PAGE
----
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Everything You Need to Know About Making a Hypertufa Trough

When it comes to gardening and outdoor design, there’s more involved than just the flowers you plant and the colors you choose. You have to consider the arrangement of the space, as well as the climate. Do you have good soil for growing? And are you able to care for your garden in the winter, or will weather prevent that for you? How much room do you really have in the yard, and will you want additional space, maybe in planters on the porch or patio? These are all questions you should ask yourself as you get ready to design your garden space.

Planters and troughs can be a great alternative, should you not have the best environment for growing or face harsh winters that will kill dormant flowering plants. Unfortunately, purchasing these can be costly, and some of them are quite heavy and clumsy to move around, especially if you have to bring some of them indoors or into a shed of some sort to make it through the heart of the cold season. Making a hypertufa trough is an excellent way to save money and create something beautiful that is also lighter weight and easier to handle. While the process takes time, care, and precision, it’s not difficult. Here, we’ll go over all the things you need to know about how to make hypertufa troughs!

What is a Hypertufa Trough?

The term ‘hypertufa trough’ refers a modern-day version of the troughs used back in historic England, made out of a stone called tufa. Prior to modern construction, troughs were built and carved out of stone, a very porous type (tufa), for various uses, creating heavy boxes for planting as well as for feeding and watering horses and other livestock. You might see these stone troughs still in existence in gardens at some of the old, quaint cottages across the English countryside, overflowing with herbs and vegetation or overrun with moss. However, they aren’t readily available for the taking.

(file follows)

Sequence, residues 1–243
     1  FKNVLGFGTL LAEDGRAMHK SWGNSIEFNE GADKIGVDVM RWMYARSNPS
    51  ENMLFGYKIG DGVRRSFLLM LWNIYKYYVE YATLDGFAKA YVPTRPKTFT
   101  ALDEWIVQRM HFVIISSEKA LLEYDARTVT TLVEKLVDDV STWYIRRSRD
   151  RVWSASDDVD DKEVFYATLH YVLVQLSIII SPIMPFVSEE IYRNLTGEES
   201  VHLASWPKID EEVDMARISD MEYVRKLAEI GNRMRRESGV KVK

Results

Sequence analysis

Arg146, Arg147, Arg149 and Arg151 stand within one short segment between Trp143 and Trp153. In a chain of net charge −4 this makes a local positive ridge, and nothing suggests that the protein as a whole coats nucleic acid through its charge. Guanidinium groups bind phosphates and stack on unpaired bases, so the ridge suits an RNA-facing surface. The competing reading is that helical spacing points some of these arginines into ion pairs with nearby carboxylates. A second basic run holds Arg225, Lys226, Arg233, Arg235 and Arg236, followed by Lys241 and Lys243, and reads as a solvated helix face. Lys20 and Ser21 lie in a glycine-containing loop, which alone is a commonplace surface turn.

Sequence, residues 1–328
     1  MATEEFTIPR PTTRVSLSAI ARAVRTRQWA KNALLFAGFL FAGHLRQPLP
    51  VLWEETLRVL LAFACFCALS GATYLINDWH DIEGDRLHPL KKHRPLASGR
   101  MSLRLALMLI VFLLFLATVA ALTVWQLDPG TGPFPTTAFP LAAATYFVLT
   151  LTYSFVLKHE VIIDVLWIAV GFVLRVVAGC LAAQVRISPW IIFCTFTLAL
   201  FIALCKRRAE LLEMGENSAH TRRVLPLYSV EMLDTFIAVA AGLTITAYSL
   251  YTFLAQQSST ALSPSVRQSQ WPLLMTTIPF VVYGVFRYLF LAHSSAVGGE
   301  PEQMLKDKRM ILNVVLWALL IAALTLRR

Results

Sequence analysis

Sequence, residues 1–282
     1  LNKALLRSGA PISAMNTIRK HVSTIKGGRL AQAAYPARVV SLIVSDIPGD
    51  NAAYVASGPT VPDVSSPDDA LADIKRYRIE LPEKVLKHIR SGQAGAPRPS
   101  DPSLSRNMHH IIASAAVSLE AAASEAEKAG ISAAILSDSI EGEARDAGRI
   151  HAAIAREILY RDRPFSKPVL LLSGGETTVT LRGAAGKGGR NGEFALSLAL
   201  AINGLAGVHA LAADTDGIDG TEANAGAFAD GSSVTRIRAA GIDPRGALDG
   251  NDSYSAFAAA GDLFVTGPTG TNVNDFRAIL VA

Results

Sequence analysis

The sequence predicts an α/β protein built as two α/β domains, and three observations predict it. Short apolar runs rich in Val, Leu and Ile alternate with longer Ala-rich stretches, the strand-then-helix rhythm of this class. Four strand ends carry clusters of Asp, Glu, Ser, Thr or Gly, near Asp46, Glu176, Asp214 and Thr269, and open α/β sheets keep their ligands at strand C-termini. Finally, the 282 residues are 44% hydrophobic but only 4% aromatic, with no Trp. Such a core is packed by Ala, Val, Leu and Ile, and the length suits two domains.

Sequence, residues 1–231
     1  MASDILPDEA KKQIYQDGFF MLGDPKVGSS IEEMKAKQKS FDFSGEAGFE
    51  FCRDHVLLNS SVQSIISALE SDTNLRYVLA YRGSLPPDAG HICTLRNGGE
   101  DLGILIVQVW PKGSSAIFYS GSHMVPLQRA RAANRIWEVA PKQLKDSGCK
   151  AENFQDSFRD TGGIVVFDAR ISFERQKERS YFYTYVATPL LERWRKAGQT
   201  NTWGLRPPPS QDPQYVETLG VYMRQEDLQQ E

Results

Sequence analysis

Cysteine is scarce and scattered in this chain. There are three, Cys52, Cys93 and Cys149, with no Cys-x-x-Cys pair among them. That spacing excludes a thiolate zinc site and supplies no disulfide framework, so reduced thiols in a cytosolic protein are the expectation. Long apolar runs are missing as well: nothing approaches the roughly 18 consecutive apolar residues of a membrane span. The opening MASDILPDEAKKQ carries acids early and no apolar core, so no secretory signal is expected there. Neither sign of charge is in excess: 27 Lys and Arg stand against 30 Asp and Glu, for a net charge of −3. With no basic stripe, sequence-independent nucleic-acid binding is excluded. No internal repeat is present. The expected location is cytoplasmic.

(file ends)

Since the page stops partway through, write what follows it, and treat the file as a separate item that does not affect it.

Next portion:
Today, in fact, those heavy stone troughs aren’t very convenient, even if they are gorgeous and bring that old world feel to the garden space. It’s also difficult to find them, as many have been destroyed over the years and those who have them in their own gardens are pretty loathe to part with them. Even if you came across an authentic limestone trough, it would likely weigh too much and cost too much to obtain and transport to your garden. A hypertufa trough mimics the look and feel of that design but with a lighter weight and a lower cost, as well as the ability to shape the trough any way you like, including in unique designs.

Hypertufa Material

Real tufa is a very heavy, expensive type of limestone that is a rare commodity. It’s gorgeous, and it’s incredibly porous, which makes it a wonderful material from which to form troughs since minute amounts of water will naturally seep through and out of it. this keeps plants healthy by holding in moisture better but also allowing for timely drainage and keeping soil from being saturated.

Tufa is a wonderful way to dress up a garden. However, because of the weight and the high cost of the material (due to supply and demand being skewed), it’s not particularly reasonable for everyday use in your home garden. In fact, trying to get your hands on some, quite literally, could cost a small fortune.

Alpine gardeners, who also used tufa in the antique water troughs you find sometimes in England, discovered that the material was becoming increasingly rare and, therefore, too costly to continue using it. As an alternative that was cost-effective and readily in supply, hypertufa was created. This is a cement-based mixture, which mimics the appearance of stone without weighing a ton or being expensive.

Hypertufa is a combination of materials that work together to reflect the appearance of the natural stone used in these older troughs. A standard hypertufa recipe is made with three ingredients:

  • Portland cement
  • Peat moss (or similar organic material, but this works best to mirror the look)
  • Sand, vermiculite, or perlite

Additionally, some hypertufa troughs incorporate concrete reinforced fibers (made from fiberglass) when creating an especially large container, since this will assist in strengthening the structure and avoid the risk of it breaking under its own weight and size. The exact quantity of materials needed depends on the size of the trough you want to build – or the number of troughs you want to create – but the formula remains the same: 1-part Portland cement, 1 ½ parts peat moss, and 1 ½ parts perlite or vermiculite.